The Fine Arts and Esthetics have received contributions in the 'Archæologische Mittheilungen,' from the posthumous papers of C. O. Müller-Gerhard's 'Etruscan Mirrors,'-Bunsen's 'Basilica of Christian Rome,'-Sulpice Boisseree's Architectural Monuments from the seventh to the thirteenth century on the Lower Rhine,'-from Bolzano, the worthy defender of religious liberty at the University of Prague, in a work on The Beautiful,' reprinted from the transactions of the Philosophical Society of Prague,--and in a portfolio of Drawings to Tasso's Gierusalemme,' by Professor Cornelius.

In Philology, the 'Denkmale des Mittelalters,' by Prof. Hattemer, promises to open the rich storehouse of old German records in the Monastery of St. Gallen.-Professor Massman has published

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'Tristan und Isolt,' and Vollmer the Niebelungen Noth and Klage,' as part of the series of 'Dichtungen des deutschen Mittelalters.'

The new edition of Prof. Grimm's 'German Mythology' is enriched, as might be expected, with valuable additions.

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In the Political Sciences,-besides the new edition of M. de Thünen's' Isolirte Staat' and Dr. List's work 'On Diminutive Agricultural Holdings and the Subdivision of Farms,' Baron Reden and Von Bülow Cumerow have given, the former a general Survey of the Production and Consumption of the principal countries in the world; the latter, a treatise on the Agricultural Banks and prospects of the Landowners in Prussia. The agricultural journals of Pabst of Darmstadt, André of Prague, Lengerke, and Fischer's Landwirthschaftliche LiteraturZeitung,' published by Herrmann of Frankfort, testify the anxiety of the German farmers to follow their occupation scientifically. As an interesting specimen of some of the views entertained in Germany on the theory of Government, we may quote Dr. Carové's work on The Teutonic and Christian State Principle.' M. de Martens's Receuil des Traités,' etc., is continued by Professor Murhard to 1840, and a chronological and alphabetical table has been published of the whole series.-A selection of Causes célèbres du Droit des Gens' has been published by Baron Charles de Martens.-The Archives of Political Economy,' published by Professors Rau and Herrman, have commenced a new series, of which one number has appeared.-Von Pölitz's 'Journal of Political Science' is continued by Professor Von Bülau.-The botanists Von Endlicher of Vienna and Von Martius of Munich have united to publish a Brazilian Flora' with the aid of the superb collection in the imperial houses at Vienna. Ehrenberg of Berlin has a work entitled Verbreitung und Einfluss des Mikroscopischen Lebens in Süd- und Nord-America. A Bryologia Europea,' by Bruch and Schimper,-Siebold's 'Fauna Japonica,' and Alex. von Humboldt's Examination of the Mountain-chains of Central Asia,' are also contributions in the sphere of Natural History.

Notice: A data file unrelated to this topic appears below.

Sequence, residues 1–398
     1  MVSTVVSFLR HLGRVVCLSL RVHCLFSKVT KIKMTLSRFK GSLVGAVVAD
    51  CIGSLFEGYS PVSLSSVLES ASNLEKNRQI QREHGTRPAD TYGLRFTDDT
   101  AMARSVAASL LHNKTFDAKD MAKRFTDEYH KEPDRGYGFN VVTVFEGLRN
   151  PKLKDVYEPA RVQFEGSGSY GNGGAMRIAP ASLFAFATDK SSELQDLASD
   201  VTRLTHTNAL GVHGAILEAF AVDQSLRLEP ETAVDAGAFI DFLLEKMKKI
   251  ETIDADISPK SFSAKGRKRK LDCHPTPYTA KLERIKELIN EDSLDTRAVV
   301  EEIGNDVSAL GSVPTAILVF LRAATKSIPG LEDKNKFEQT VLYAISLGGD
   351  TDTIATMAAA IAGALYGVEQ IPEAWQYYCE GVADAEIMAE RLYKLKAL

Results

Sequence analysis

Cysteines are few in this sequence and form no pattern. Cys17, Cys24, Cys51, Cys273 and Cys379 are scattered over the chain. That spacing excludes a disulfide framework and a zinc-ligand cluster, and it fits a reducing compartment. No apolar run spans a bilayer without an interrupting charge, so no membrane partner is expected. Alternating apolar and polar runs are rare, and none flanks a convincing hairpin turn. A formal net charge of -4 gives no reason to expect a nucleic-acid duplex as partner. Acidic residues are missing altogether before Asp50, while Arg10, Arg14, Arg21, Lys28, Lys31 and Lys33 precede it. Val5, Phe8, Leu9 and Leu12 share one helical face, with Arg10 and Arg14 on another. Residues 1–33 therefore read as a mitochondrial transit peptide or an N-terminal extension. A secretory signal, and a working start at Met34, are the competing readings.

The literary activity of Holland is chiefly confined to numerous and often valuable tracts on the condition of that country, and of her Colonies. The protracted financial crisis which the Dutch are passing through furnishes a popular theme for their authors.

In Slavonic literature, there is a translation of Dickens's 'Oliver Twist' into Bohemian, and a new version of the Arabian Nights' Tales' in Polish, but we do not find much that is original. Schaffaric continues his Starvjibuosti' at intervals, which will form a fund for old Slavonic history of the most valuable kind.